The Massachusetts legislature is expected to change existing state laws regarding net metering for renewable energy technologies before the end of the current legislative session, which is expected to conclude at the end of the year. A number of proposals have been floated regarding net metering, and more may be made before the end of the session. This article explores four bills that are now pending in the legislature, which may provide some indication of the ultimate resolution on net metering.
SB 1973, An Act Providing for the Establishment of a Comprehensive Adaptation Management Plan in Response to Climate Change. SB 1973 was originally sponsored by the Massachusetts Chairman of the Senate Committee on Global Warming and Climate Change and addressed climate change adaptation management plans. As SB 1973 made its way through the Massachusetts Senate, an amendment (Amendment 18) was added addressing the solar industry specifically, in the following manner:
- Amendment 18 creates a special carve-out for solar net metering, consistent with previously enacted solar carve-outs within the state's renewable portfolio standard rules: the SREC-I and SREC-II programs.
- Amendment 18 would lay the groundwork for community-shared solar net metering, eliminate the caps for solar net metering and emphasize solar distributed generation (DG).
- Amendment 18 defines "community-shared solar facility" as a facility that qualifies as a Class I, II or III net metering facility, with three or more eligible recipients of net metering credits. Such facility cannot have more than 50 percent of the credits produced allocated to two recipients, with further restrictions for each remaining recipient.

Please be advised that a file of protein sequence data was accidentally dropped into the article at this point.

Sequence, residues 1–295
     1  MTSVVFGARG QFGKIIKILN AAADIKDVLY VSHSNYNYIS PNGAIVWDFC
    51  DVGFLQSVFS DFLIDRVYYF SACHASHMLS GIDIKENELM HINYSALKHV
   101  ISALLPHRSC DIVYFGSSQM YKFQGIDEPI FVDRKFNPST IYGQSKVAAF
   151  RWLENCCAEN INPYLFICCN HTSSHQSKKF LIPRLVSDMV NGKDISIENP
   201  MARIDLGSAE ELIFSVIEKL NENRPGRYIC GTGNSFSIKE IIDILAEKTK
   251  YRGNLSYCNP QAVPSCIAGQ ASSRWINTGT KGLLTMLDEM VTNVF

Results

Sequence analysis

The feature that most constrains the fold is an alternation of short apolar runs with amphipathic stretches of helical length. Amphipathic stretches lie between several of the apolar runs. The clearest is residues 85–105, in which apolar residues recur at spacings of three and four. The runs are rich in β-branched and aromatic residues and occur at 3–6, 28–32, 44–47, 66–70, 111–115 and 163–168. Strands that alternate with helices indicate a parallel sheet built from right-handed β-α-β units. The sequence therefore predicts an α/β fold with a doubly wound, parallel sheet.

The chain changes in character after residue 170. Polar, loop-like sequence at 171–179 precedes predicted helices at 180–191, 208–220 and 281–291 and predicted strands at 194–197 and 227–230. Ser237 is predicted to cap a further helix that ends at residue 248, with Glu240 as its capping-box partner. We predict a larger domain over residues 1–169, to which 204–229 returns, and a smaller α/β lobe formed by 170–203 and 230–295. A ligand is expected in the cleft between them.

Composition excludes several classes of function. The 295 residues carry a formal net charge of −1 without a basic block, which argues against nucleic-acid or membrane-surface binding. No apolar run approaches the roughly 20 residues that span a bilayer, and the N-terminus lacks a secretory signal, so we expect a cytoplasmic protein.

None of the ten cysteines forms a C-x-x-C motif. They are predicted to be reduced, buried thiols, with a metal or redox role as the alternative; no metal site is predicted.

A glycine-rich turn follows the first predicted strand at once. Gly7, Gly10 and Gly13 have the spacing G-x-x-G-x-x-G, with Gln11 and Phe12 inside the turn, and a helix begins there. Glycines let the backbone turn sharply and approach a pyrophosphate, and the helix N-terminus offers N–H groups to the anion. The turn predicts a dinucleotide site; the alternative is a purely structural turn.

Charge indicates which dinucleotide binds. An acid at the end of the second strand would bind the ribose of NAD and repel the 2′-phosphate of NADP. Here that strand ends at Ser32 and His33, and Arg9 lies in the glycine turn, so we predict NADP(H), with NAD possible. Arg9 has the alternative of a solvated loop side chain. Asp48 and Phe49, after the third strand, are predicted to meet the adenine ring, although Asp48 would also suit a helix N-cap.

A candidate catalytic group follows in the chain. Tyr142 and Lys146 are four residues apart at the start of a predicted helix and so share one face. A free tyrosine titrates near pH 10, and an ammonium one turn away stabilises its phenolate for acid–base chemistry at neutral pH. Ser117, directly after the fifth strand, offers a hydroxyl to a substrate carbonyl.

- Amendment 18 also adds the concept of a "solar net metering credit," which would be produced by a solar net metering facility if less than 67 percent of that facility's electrical energy on an annual basis is used by on-site load. Solar net metering credits could be transferred to other customers of the same electric distribution company and applied to the transferee's electric bills, but they could not be used before December 31, 2016.
- With regard to net metering caps currently in place (which are currently maxed out in certain service territories), Amendment 18 would immediately raise the caps to 1,600 MW of solar capacity for the entire state, instead of the current rules, which split the caps between utility service territories.
- While the 1,600 MW cap is in place, Amendment 18 would require the Massachusetts Department of Energy Resources (DOER) to develop an incentive program that is sustainable for the long term and focuses on DG solar renewable generating resources.